After the initial FETO surgery, Jadrien had weekly and then bi-weekly appointments at the Fetal Center for ultrasound monitoring to ensure the balloon was still in place, that her baby’s lungs were growing and that preterm labor was not imminent. Because the procedure temporarily blocks the baby’s airway, an unexpected delivery not at Texas Children’s would very likely be fatal. Adhering to her care team’s advice, Jadrien and her family temporarily moved closer to the Fetal Center where she could have immediate access to specialized care in case she delivered prematurely. When Jadrien was 36 weeks pregnant, surgeons removed the balloon from her baby’s trachea and the FETO was deemed an incredible success as Jadrien’s son’s right lung had flourished and grown more than ever expected. Five days later, she went into labor.
On Jan. 18, Jadrien and her husband welcomed their newborn son, Brady, who was born at Texas Children’s Pavilion for Women®. After his delivery, Brady was immediately intubated and transferred to the neonatal intensive care unit (NICU), Level IV. Texas Children’s Level IV NICU was the first to be designated by the Texas Department of State Health Services (DSHS) as a Level IV NICU, the highest level of care available for premature and critically-ill newborns in the country. One week later, pediatric surgeon Dr. Adam Vogel performed repair surgery to move Brady’s organs back into place and to close the large hole in Brady’s diaphragm. He was in the NICU for eight weeks before he could go home.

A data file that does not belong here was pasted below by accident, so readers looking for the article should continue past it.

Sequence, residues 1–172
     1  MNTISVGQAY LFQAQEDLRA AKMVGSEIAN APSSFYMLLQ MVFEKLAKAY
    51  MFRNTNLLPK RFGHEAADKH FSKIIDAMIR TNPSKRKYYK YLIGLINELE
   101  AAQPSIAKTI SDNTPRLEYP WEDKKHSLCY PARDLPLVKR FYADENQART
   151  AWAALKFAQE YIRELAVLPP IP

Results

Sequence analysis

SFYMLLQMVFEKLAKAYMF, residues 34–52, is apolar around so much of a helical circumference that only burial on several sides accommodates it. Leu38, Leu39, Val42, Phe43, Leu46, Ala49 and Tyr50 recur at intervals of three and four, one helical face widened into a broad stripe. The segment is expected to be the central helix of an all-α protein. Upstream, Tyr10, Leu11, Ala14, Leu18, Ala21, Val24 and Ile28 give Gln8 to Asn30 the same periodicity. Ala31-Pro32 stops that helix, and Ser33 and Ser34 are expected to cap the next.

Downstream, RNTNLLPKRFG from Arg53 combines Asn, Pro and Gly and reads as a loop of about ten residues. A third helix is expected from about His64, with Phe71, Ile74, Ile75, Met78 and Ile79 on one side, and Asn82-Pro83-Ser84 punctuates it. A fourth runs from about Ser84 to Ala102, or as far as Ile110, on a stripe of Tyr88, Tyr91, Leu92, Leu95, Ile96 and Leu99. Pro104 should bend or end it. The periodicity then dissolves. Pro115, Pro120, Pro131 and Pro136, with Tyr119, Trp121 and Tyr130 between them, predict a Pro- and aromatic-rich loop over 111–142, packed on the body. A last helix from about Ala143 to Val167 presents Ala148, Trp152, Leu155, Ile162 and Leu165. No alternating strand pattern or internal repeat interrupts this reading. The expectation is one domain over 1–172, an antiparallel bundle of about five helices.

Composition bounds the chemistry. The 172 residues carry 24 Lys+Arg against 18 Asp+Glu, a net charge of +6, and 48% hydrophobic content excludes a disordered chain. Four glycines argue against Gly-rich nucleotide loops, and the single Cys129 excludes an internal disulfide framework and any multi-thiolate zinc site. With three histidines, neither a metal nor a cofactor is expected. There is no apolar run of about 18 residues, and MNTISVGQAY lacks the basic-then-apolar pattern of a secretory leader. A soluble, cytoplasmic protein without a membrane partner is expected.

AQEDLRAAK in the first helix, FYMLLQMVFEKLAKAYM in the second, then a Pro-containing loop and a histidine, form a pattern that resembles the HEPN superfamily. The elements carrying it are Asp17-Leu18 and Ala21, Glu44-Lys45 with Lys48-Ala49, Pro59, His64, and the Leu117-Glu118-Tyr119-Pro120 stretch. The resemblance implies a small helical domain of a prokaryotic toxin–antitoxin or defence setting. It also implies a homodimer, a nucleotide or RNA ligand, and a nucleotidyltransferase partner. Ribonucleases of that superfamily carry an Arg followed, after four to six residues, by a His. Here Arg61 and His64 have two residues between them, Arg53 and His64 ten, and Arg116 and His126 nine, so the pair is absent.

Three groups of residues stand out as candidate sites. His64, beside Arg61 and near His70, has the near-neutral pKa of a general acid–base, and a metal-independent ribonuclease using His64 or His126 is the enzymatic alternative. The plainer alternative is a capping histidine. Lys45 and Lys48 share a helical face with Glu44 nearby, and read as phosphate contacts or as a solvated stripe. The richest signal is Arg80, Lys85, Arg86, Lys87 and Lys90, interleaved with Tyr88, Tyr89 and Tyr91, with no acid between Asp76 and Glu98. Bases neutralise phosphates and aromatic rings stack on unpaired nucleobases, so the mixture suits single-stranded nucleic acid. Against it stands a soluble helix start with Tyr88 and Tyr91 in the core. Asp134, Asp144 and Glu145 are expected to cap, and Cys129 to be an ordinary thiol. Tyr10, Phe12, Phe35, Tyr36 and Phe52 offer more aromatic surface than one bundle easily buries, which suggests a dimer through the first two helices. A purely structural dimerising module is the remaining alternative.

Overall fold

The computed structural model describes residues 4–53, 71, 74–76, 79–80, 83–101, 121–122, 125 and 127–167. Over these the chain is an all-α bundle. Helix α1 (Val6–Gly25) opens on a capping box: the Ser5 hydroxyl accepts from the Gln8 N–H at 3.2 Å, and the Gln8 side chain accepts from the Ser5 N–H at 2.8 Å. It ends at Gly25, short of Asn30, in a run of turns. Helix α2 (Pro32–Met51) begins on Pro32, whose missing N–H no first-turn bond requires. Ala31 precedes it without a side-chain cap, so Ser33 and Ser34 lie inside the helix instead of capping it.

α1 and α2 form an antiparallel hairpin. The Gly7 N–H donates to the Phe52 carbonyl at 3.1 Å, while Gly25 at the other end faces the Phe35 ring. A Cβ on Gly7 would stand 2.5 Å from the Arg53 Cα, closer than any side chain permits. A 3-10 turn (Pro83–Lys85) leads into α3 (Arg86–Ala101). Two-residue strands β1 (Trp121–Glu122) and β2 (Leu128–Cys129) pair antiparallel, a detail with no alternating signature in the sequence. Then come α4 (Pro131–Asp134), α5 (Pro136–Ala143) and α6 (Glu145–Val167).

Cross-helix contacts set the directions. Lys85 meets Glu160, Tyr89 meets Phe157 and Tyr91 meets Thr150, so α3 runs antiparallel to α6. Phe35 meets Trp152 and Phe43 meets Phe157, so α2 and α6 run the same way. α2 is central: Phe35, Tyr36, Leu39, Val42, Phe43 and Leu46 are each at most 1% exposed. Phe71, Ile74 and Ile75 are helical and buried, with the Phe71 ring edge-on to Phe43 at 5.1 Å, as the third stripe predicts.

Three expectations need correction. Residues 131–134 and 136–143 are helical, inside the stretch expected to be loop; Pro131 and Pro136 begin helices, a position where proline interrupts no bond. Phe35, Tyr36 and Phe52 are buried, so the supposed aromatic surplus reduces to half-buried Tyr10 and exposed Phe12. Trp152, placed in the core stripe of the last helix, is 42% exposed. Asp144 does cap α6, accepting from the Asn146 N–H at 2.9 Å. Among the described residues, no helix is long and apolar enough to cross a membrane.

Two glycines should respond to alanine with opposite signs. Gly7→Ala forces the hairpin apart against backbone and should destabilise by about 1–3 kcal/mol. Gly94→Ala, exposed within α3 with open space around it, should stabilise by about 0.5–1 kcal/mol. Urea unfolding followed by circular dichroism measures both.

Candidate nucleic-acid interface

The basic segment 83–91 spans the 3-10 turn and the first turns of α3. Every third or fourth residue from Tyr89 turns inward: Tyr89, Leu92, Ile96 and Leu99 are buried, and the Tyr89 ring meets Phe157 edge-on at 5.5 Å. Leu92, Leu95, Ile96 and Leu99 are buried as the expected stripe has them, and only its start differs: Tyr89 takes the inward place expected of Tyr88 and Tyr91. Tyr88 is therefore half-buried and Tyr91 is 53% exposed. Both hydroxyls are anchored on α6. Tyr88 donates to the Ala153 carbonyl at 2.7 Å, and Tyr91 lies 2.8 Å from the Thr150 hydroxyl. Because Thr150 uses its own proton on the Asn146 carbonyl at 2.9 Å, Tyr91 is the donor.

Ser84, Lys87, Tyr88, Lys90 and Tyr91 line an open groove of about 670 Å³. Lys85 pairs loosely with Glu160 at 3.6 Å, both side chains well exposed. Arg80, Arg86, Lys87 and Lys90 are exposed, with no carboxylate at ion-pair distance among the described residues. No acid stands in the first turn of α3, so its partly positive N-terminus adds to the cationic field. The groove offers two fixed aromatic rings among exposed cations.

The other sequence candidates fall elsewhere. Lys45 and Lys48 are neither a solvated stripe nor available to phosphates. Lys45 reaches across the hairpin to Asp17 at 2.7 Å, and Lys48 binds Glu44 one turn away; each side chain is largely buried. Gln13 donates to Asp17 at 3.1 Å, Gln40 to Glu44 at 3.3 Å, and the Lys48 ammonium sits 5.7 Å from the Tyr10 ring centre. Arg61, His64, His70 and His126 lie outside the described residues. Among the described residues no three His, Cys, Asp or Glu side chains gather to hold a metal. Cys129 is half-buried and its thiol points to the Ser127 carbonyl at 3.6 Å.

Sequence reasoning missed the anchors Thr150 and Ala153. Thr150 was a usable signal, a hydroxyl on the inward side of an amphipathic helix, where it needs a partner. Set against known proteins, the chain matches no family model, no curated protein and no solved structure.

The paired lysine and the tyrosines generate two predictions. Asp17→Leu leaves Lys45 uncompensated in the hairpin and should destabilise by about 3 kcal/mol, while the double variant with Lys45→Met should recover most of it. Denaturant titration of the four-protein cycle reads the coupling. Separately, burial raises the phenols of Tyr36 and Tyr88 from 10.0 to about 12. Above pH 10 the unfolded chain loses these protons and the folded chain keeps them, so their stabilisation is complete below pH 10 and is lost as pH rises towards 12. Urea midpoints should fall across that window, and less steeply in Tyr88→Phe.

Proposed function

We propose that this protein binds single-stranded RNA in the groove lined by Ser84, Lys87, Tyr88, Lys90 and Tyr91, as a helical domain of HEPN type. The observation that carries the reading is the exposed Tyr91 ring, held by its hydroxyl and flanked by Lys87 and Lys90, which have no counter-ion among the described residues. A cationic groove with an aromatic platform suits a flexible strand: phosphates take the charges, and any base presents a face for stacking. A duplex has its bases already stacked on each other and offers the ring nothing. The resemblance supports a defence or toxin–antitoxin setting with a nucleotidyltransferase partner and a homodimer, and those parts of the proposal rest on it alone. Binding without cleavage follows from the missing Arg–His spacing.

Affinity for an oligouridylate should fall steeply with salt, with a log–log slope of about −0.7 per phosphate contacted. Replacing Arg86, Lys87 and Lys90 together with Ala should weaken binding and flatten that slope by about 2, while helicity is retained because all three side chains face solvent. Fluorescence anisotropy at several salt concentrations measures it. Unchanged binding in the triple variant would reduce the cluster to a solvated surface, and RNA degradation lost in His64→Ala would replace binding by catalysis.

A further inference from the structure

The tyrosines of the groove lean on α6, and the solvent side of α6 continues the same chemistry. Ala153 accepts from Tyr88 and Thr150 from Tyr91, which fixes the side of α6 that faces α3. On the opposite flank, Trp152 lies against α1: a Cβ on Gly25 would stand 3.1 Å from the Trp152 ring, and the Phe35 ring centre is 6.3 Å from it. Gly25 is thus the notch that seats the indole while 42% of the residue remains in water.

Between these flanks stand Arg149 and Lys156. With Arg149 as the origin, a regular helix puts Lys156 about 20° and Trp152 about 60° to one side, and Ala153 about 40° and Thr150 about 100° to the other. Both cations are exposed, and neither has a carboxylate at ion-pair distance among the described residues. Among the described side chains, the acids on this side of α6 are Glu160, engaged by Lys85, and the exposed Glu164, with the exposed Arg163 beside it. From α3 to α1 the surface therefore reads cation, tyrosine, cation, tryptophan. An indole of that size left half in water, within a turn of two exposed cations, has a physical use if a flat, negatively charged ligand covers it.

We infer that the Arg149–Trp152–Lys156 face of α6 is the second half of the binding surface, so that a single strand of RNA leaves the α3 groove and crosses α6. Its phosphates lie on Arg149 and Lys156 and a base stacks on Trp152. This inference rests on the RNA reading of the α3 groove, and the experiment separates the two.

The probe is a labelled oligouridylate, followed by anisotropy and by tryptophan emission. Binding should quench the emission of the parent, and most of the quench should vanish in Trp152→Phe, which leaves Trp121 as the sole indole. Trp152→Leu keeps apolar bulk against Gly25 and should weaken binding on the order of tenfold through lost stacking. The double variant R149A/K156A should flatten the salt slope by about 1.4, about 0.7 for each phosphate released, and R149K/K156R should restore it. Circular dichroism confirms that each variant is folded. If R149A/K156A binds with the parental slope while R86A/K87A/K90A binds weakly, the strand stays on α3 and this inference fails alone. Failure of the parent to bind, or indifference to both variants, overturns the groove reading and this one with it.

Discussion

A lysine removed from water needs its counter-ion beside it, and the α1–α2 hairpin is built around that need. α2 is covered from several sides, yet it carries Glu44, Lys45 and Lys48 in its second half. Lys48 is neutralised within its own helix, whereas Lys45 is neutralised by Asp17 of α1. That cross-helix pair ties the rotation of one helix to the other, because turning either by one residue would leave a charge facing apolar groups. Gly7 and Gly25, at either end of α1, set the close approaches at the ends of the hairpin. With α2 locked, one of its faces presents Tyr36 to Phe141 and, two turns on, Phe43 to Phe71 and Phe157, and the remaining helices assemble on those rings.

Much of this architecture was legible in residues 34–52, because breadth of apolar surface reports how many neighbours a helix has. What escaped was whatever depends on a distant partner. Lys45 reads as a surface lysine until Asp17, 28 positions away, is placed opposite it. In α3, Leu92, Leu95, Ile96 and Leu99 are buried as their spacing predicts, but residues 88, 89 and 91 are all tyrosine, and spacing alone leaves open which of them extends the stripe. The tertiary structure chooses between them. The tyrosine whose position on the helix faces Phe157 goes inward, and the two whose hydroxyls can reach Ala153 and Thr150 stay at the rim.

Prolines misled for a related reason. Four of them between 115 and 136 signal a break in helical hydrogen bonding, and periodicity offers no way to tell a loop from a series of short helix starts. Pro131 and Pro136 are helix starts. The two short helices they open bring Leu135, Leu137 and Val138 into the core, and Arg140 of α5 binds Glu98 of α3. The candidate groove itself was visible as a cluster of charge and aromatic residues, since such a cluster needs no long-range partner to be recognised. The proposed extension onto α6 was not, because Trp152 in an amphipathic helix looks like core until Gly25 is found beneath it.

“When Brady was born, he avoided ECMO the entire time he was in the NICU, which was a huge blessing since severe CDH babies very often need the highest level of heart and respiratory support soon after delivery,” Jadrien said. “We had an incredible team of physicians and nurses from fetal to critical care to neonatology. They took wonderful care of us throughout our ordeal including Dr. Rita Shah and Dr. Jonathan Davies from neonatology. The success of the FETO, everyone’s expertise, and a lot of answered prayers, made the difference in improving our son’s outcome.”
Today, 3-month-old Brady is doing well, overall. He can now breathe on his own without any oxygen support and has been progressing well in his growth. CDH babies typically face a whole list of issues after birth and into childhood resulting from CDH, which Texas Children’s CDH Clinic also treats, but Brady is on the right track. Brady has regular follow-up visits with his pediatrician Dr. Stephanie Freeman and his care team at Texas Children’s CDH Clinic.
While this has been a tough journey to date, filled with many ups and downs, the Grimeses say their faith and the outpouring of support from so many people helped give them strength.
“Our faith in Jesus and the countless prayers in our community has definitely carried us so far in this journey,” Jadrien said. “We would not be where we are without the amazing support of our family and friends, especially Brady’s selfless grandparents, and the hundreds of people praying over Brady. Because of our support system, the FETO, Dr. Belfort and all of those wonderful people at Texas Children’s who took care of us, we are convinced that’s why our son, Brady, is a miracle baby.”